aerodynamic wave drag


Also found in: Wikipedia.

Aerodynamic wave drag

The force retarding an airplane, especially in supersonic flight, as a consequence of the formation of shock waves. Although the physical laws governing flight at speeds in excess of the speed of sound are the same as those for subsonic flight, the nature of the flow about an airplane and, as a consequence, the various aerodynamic forces and moments acting on the vehicle at these higher speeds differ substantially from those at subsonic speeds. Basically, these variations result from the fact that at supersonic speeds the airplane moves faster than the disturbances of the air produced by the passage of the airplane. These disturbances are propagated at roughly the speed of sound and, as a result, primarily influence only a region behind the vehicle.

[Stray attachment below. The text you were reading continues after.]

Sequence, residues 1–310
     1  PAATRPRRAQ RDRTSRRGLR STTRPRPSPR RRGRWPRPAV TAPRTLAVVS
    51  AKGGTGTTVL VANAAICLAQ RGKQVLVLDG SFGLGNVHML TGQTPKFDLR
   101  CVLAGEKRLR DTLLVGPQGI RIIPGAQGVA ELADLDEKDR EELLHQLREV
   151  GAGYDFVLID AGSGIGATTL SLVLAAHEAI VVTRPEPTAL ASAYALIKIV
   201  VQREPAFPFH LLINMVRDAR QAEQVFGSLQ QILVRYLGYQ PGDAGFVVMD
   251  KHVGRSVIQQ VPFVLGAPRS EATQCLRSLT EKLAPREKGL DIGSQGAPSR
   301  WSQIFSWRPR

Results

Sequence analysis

The primary effect of the change in the nature of the flow at supersonic speeds is a marked increase in the drag, resulting from the formation of shock waves about the configuration. These strong disturbances, which may extend for many miles from the airplane, cause significant energy losses in the air, the energy being drawn from the airplane. At supersonic flight speeds these waves are swept back obliquely, the angle of obliqueness decreasing with speed. For the major parts of the shock waves from a well-designed airplane, the angle of obliqueness is equal to sin-1 (1/M), where M is the Mach number, the ratio of the flight velocity to the speed of sound. See Shock wave, Supersonic flow

The shock waves are associated with outward diversions of the airflow by the various elements of the airplane. This diversion is caused by the leading and trailing edges of the wing and control surfaces, the nose and aft end of the fuselage, and other parts of the vehicle. Major proportions of these effects also result from the wing incidence required to provide lift.

For a well-designed vehicle, wave drag is usually roughly equal to the sum of the basic skin friction and the induced drag due to lift. See Aerodynamic force, Airfoil